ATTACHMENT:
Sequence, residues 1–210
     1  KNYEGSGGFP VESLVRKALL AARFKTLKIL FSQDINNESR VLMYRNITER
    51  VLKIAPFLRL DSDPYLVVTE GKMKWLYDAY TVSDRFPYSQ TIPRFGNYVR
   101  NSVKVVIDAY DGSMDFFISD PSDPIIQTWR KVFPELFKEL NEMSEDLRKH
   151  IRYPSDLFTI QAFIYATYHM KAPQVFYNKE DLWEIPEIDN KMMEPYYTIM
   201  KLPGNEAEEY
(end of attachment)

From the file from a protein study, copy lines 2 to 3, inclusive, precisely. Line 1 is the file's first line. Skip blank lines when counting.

     1  KNYEGSGGFP VESLVRKALL AARFKTLKIL FSQDINNESR VLMYRNITER
    51  VLKIAPFLRL DSDPYLVVTE GKMKWLYDAY TVSDRFPYSQ TIPRFGNYVR